(a) hours of insurable employment from that or any other employment before the employment was lost or left; and
(b) hours of insurable employment in any employment that the claimant subsequently loses or leaves, as described in subsection (1).

Restriction on number of weeks and rate of benefits

(6) No hours of insurable employment in any employment that a claimant loses or leaves, as described in subsection (1), may be used for the purpose of determining the maximum number of weeks of benefits under subsection 12(2) or the claimant’s rate of weekly benefits under section 14.


(7) For greater certainty, but subject to paragraph (1)(a), a claimant may be disqualified under subsection (1) even if the claimant’s last employment before their claim for benefits was not lost or left as described in that subsection and regardless of whether their claim is an initial claim for benefits.

KH v Canada Employment Insurance Commission, 2020 SST 1177 (CanLII)[2]

[7] The law says that you are disqualified from receiving benefits if you left your job voluntarily and you did not have just cause.Footnote1 Having a good reason for leaving a job is not enough to prove just cause. You have just cause to leave if, considering all of the circumstances, you had no reasonable alternatives to quitting your job when you did. It is up to the Claimant to prove this. The Claimant has to show that it is more likely than not that he had no reasonable alternatives but to leave when he did.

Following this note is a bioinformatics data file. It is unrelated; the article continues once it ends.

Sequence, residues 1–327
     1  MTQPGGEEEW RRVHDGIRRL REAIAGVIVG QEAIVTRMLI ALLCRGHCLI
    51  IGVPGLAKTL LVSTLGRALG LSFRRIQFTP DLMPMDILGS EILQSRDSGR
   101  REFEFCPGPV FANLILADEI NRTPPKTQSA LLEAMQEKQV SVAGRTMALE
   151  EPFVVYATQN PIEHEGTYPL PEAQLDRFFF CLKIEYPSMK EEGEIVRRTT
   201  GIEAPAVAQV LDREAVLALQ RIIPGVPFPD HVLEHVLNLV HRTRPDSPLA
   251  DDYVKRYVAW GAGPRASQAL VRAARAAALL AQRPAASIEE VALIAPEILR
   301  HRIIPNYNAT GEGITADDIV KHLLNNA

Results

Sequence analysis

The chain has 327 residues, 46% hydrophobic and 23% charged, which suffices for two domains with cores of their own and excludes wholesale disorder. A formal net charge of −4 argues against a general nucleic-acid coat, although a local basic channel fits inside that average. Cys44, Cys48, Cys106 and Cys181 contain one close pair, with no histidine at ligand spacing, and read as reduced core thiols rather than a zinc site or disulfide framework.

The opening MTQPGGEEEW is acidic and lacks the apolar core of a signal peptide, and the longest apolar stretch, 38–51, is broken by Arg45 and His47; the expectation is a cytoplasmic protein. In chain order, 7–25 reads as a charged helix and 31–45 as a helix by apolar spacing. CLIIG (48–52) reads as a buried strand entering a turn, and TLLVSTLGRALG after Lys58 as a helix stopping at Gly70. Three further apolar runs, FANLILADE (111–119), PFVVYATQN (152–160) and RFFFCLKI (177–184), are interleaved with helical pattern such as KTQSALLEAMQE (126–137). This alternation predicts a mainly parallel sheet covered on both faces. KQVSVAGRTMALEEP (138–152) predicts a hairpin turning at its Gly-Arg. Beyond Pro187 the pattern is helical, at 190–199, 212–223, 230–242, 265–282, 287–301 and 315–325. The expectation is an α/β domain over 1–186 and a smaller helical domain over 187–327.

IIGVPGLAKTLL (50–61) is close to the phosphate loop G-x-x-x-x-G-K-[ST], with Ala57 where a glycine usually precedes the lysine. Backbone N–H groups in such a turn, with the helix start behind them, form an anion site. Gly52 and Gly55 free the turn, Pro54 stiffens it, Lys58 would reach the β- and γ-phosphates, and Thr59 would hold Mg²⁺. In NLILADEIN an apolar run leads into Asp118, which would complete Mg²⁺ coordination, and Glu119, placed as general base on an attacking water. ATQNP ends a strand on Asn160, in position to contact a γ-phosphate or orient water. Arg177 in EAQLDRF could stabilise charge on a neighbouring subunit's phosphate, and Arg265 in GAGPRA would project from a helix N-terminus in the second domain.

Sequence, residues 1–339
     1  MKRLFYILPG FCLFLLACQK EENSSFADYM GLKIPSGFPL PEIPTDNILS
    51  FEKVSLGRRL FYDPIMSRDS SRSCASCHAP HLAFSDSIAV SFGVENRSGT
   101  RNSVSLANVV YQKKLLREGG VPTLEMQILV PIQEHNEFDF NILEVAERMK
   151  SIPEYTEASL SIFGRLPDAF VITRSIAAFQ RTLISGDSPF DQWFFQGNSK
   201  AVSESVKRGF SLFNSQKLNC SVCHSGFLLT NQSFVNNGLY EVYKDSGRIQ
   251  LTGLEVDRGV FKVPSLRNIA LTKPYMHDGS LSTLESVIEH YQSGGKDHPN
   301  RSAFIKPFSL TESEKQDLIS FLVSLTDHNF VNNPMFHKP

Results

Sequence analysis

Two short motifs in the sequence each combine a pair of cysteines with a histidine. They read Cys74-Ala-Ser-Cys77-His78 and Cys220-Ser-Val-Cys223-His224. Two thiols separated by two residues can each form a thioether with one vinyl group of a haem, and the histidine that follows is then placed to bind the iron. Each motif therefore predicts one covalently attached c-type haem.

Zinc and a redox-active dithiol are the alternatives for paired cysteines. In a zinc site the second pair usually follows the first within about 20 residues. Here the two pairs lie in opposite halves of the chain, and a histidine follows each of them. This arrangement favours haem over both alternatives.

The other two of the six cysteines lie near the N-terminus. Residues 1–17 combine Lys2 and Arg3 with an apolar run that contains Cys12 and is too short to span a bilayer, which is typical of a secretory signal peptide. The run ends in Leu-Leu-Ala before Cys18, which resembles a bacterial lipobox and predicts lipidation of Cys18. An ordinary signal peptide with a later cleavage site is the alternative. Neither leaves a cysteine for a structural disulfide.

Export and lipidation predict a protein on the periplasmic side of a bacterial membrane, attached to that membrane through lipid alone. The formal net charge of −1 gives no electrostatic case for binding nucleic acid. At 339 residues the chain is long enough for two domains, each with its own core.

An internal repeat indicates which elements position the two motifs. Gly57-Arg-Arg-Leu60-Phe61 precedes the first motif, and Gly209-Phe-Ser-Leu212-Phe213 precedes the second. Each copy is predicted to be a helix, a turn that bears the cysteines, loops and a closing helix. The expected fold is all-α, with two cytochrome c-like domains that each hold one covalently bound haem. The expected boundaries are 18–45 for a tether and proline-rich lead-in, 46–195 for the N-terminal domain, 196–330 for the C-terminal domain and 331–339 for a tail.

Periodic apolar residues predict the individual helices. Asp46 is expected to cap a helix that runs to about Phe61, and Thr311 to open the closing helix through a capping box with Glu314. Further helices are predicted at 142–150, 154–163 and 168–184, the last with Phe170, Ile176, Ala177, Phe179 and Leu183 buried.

[8] When I decide this question, I have to look at all of the circumstances that existed at the time that the Claimant quit. The circumstances I have to look at include some set by law. After I decide which circumstances apply to the claimant, he then has to show that there was no reasonable alternative to leaving at that time.


[1] [2]

  1. 1.0 1.1 Employment Insurance Act (S.C. 1996, c. 23), <https://laws-lois.justice.gc.ca/eng/acts/e-5.6/index.html>, retired on 2022-12-16
  2. 2.0 2.1 KH v Canada Employment Insurance Commission, 2020 SST 1177 (CanLII), <https://canlii.ca/t/jdxzs>, retrieved on 2022-12-16